We present a systematic method for constructing two-dimensional magnetohydrodynamic equilibria with compressible flow in Cartesian geometry. This systematic method has already been developed in spherical geometry and applied in modelling solar and stellar winds and outflows (Vlahakis & Tsinganos \cite{Vlahakis98}) but is derived here in Cartesian geometry in the context of the solar atmosphere for the first time. Using the method we find several new classes of solutions, some of which generalise known solutions, including the Kippenhahn & Schlüter (\cite{Kippenhahn57}) and Hood & Anzer (\cite{Hood90}) solar prominence models and the Tsinganos et al. (\cite{Tsinganos93}) coronal loop model with flow, and some of which are completely new. Having developed the method in full and summarised the several classes of solutions, we explore in a some detail one of the classes to illustrate the general construction method. From one of the new classes of solutions we calculate two loop-like solutions, one of which is the first exact two-dimensional magnetohydrodynamic equilibrium with trans-Alfvénic flow.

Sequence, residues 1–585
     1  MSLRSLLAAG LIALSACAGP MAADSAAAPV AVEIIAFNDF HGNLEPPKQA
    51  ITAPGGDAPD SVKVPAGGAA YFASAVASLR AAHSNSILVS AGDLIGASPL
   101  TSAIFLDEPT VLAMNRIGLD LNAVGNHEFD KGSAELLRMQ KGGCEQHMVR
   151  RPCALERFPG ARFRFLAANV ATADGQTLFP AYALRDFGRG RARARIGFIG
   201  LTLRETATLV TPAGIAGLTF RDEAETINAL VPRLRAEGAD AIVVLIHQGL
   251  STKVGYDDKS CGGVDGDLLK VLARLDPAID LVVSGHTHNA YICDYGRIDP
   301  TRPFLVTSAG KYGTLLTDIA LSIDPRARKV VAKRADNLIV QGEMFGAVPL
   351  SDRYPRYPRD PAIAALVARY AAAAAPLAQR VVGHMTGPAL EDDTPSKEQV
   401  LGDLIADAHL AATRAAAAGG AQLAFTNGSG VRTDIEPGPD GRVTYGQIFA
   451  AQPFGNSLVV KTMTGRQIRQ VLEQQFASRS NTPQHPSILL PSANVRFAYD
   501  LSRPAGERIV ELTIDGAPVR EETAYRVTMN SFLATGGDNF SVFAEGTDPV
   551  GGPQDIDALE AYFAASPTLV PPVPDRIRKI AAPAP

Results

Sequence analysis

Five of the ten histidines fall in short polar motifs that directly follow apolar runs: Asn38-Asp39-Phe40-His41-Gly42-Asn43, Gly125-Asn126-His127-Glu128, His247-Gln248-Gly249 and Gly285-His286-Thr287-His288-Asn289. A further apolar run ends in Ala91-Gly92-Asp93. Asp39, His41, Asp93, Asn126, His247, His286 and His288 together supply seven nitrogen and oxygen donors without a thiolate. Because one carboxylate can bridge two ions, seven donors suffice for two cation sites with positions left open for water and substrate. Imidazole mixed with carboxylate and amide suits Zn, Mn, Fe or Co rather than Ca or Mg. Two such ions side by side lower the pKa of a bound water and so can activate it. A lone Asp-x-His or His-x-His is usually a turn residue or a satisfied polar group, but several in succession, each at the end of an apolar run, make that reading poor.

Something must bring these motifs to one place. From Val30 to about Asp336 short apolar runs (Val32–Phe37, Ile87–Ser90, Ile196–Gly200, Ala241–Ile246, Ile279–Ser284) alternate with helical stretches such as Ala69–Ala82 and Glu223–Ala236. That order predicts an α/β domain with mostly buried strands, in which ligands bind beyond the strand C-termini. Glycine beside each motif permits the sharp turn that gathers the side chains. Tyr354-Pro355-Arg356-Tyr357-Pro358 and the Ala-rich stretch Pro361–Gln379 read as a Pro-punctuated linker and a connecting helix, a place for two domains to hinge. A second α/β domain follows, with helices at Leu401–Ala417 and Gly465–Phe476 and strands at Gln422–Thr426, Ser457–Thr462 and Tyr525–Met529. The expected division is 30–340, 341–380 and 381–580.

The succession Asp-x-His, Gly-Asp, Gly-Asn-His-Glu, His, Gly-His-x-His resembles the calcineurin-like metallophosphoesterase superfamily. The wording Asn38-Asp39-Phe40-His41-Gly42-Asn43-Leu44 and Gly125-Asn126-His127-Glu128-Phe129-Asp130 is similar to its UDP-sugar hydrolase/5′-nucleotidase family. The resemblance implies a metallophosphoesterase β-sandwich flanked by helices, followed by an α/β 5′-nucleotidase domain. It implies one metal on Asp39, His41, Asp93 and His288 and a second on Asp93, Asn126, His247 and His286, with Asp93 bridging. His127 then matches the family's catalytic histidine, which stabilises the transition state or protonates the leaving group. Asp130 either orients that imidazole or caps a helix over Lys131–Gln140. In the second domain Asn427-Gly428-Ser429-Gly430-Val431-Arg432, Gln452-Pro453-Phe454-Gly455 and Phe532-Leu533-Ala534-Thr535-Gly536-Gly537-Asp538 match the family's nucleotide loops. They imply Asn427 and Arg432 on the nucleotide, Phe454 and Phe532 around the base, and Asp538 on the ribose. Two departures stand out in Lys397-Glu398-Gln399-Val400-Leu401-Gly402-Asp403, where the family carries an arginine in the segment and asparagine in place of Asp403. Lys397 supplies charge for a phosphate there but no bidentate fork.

2001

Vlahakis N, Königl A. Magnetohydrodynamics of Gamma-Ray Burst Outflows. [Internet]. 2001;563:L129 - L132. WebsiteAbstract

Using relativistic, axisymmetric, ideal MHD, we examine the outflow from a disk around a compact object, taking into account the baryonic matter, the electron-positron/photon fluid, and the large-scale electromagnetic field. Focusing on the parameter regime appropriate to γ-ray burst outflows, we demonstrate, through exact self-similar solutions, that the thermal force (which dominates the initial acceleration) and the Lorentz force (which dominates farther out and contributes most of the acceleration) can convert up to ~50% of the initial total energy into asymptotic baryon kinetic energy. We examine how baryon loading and magnetic collimation affect the structure of the flow, including the regime where emission due to internal shocks could take place.

Petrie G, Vlahakis N, Tsinganos K. Systematic Construction of Exact Magnetohydrodynamic Models for Solar Coronal Structures and an Application to Modelling a Coronal Loop. In: ; 2001. pp. 42.1. Website

Trussoni E, Vlahakis N, Tsinganos K, Sauty C. MHD disc-wind solutions crossing all the singularities. In: Vol. 250. ; 2001. pp. 32. Website